I begin by seeing how the client moves, asking them to turn right and left, bend forward, back and to each side. I put my hands on them to feel which muscles are working, which muscles aren’t engaging, and which ones aren’t letting go. As I do this, I’m looking for the habit or pattern that interferes with other movements. Then, working together, we discover ways for them to move with more grace and ease.
What are some of the benefits of Feldenkrais?
The spaciousness of the gentle innovative lessons allows you to observe how you move, notice unnecessary tension, and improve overall coordination and balance. Some of the benefits most often reported are:
• Relief from chronic pain and discomfort
• Improved posture, balance and stability
• Aid in recovery from injury or stroke
• Increased energy and stamina
• Better sleep patterns
• Increased physical and mental performance
• Reduced stress and fatigue
• Improved ability to concentrate
• Ease of movement in everyday activities
• An overall sense of wellbeing
Can you tell us a few specific success stories?
Sure, here are a few examples of people who were helped through Feldenkrais:
A 42-year-old computer programmer with wrist problems was able to increase his speed on the keyboard after learning how to use his arms and hands more efficiently.
A 78-year-old man was able to walk a mile daily, free of chronic knee pain he had for 30 years.
A 32-year-old man learned to use his hands again after a crippling auto accident.
A 55-year-old woman is able to lift her affectionate young granddaughter without straining her back.
A 9-year-old with learning disabilities could read a full page competently and gained self-confidence and intelligence.
A 40-year-old cellist developed new, less strained positions to play and extended her musical repertoire.
You mentioned that Feldenkrais helps you age gracefully – tell us how that works.
We are all born with built-in wisdom. Our bodies and nervous systems have wisdom in how to move with grace and ease. Depending on your age or life experiences, this innate wisdom may be hiding under a few layers of habit (or injury, trauma, routine, etc.), or it may be hidden under a landslide. The great thing about the human system is that even if you don’t cultivate this innate bodily wisdom regularly or have never been one to seek modes of becoming more in tune with yourself, your nervous system and brain are always there, waiting to be stimulated. Our natural capacity to learn remains. So how do you find it again?
This is where the Feldenkrais Method comes in. Through techniques like Awareness Through Movement classes and Functional Integration sessions, you can reinvigorate your latent capacity for pain-free and tension-free movement. You can rediscover how to distribute the work and effort of movement throughout your body, finding new ways to both move and to relax. With this new-found awareness, the process of aging becomes less about mitigating injury or living with limitations and more about reconnecting with your body’s wisdom. It is not about overcoming your body’s decline, but seeing aging as an opportunity to relearn how to move.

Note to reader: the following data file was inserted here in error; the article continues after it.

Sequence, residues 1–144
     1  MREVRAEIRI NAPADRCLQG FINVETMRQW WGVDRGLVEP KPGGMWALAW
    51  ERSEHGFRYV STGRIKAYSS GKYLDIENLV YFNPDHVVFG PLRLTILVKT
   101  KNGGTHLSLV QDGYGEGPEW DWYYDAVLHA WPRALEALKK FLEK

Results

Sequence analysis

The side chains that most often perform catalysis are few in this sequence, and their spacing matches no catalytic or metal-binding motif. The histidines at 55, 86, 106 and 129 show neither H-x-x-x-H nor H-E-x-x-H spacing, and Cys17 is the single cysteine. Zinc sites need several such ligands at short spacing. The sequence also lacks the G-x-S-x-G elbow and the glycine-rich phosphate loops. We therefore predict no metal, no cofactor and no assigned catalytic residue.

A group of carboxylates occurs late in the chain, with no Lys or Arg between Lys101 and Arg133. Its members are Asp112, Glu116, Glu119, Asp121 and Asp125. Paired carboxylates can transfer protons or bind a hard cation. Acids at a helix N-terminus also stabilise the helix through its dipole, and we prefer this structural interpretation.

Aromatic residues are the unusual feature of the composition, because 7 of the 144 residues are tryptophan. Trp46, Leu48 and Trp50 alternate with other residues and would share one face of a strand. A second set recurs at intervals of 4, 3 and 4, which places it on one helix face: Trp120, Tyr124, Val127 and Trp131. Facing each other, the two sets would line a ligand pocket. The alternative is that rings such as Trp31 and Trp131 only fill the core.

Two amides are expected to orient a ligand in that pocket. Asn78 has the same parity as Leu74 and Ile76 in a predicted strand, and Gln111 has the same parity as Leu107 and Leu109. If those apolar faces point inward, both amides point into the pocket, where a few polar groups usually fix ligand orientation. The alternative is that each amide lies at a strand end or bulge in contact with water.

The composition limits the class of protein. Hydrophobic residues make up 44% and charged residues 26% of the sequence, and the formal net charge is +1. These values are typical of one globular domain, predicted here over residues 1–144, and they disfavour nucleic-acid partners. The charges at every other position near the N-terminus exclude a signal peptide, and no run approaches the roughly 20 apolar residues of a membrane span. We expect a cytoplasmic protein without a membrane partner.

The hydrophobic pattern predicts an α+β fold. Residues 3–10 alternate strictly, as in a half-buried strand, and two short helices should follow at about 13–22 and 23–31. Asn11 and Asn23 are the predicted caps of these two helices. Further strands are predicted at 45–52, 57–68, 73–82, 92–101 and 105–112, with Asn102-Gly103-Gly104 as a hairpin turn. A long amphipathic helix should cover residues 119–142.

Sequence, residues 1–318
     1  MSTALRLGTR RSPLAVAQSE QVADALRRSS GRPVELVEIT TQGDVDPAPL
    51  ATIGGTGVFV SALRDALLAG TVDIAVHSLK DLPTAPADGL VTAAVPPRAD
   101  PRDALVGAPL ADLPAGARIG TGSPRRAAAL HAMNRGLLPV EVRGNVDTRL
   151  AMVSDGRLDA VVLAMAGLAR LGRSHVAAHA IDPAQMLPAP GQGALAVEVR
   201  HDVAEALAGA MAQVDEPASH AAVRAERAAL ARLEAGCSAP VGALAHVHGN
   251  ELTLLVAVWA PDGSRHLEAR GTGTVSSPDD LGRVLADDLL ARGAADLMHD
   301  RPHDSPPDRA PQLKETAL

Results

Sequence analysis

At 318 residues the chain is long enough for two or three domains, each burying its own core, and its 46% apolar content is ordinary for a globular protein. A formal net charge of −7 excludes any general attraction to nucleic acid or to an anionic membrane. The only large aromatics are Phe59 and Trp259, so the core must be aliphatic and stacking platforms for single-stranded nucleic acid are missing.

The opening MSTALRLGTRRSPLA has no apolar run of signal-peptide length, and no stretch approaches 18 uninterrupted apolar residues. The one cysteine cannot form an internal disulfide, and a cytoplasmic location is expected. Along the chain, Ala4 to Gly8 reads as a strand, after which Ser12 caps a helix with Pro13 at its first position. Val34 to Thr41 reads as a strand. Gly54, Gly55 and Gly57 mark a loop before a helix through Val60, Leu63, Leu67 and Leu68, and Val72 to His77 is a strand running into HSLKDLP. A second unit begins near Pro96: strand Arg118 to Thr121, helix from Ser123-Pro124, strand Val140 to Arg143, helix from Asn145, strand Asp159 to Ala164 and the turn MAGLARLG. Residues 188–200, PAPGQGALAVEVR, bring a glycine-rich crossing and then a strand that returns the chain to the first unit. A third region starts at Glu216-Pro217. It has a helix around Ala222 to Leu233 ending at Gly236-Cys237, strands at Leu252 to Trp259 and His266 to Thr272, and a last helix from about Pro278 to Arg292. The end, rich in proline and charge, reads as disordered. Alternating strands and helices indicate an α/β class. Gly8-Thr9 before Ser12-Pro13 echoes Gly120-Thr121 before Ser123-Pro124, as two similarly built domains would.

In the Feldenkrais Method® each person already presents the ideal body, the ideal way to move. For many this is a difficult concept to grasp, especially when we think about aging. Usually we take pain, ‘poor’ posture, or limited movement as symptoms of something wrong. Yet each and every person makes the best choices possible given his or her perception of choices. Change is most possible in this realm of ‘perception of choices’. My task as teacher/practitioner is to create conditions for more choices. It is not to correct errors, right wrongs, or straighten people out. For me, aging doesn’t limit us, but merely changes our perception of our choices.
As Dr. Moshe Feldenkrais said, “Through awareness we can learn to move with astonishing lightness and freedom-at almost any age-and thereby improve our living circumstances, not only physically...but emotionally, intellectually and spiritually.”
I love the definition of health you shared with me that describes the resilience of the body and brain.
Yes, I have been inspired by the way Moshe Feldenkrais defined health in terms of resilience. He wrote: "Health is the capacity to recover from shock; the ability to overcome obstacles; the capacity to live one’s dreams." We all go through the process of recovery, continually responding to life’s traumas, big and small.
Our bodies and brains have an incredible capacity for healing and resilience. The term neuroplasticity names this phenomenon and has recently been explored by best-selling author Norman Doidge M.D. in his book, The Brain’s Way of Healing. As authors like Doidge point out, the brain can recover from injury or trauma by relearning innate patterns and functions. He feels that Moshe Feldenkrais was a pioneer in recognizing the plasticity of the brain and developing methods for harnessing its benefits. This new approach to health and longevity works with the brain’s innate capacities and shows how they can be utilized without the intervention of the medical establishment.
How do you work with your clients?
I offer two distinct ways for students to engage with the Feldenkrais Method®.
One of these is in group classes, called Awareness Through Movement. These courses are open to the public and take place in an open room with students laying on mats or sitting in chairs. In these classes, I verbally guide students through a sequence of movements in basic positions: sitting or lying on the floor, standing or sitting in a chair. We work through novel or unusual movements meant to bring you to new types of awareness about your habitual movements. There are more than 2,000 distinct Feldenkrais lessons to work with, most of which explore everyday actions such as reaching, getting up from a chair, turning, bending and walking. Many are simple to perform, and were especially designed for people for whom movement is a challenge.
I also offer private Feldenkrais lessons, called Functional Integration in my studio in downtown Ashland. These lessons are tailored to each student’s individual needs. Feldenkrais Functional Integration® is hands-on developmental movement, done clothed on a massage-type table. The lessons are approximately 45 minutes. Sessions are deeply relaxing, easy, gentle, and comfortable.
What are the next steps for someone who wants to learn more or to work with you?
It is difficult to explain Feldenkrais in words —it’s much more revelatory to experience it. I offer 2 weekly Awareness Through Movement classes in Ashland and do private lessons upon request. Functional Integration sessions are available by appointment.
People can find out more on my website at moondanceforest.net where they will see a video of the Feldenkrais Method® in action. I encourage people to join my mailing list to be notified of classes and special offers. Or just call me at 541-936-7274. I’d love to talk to you!
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Name: Moondance Forest, M.Ed.; GCFP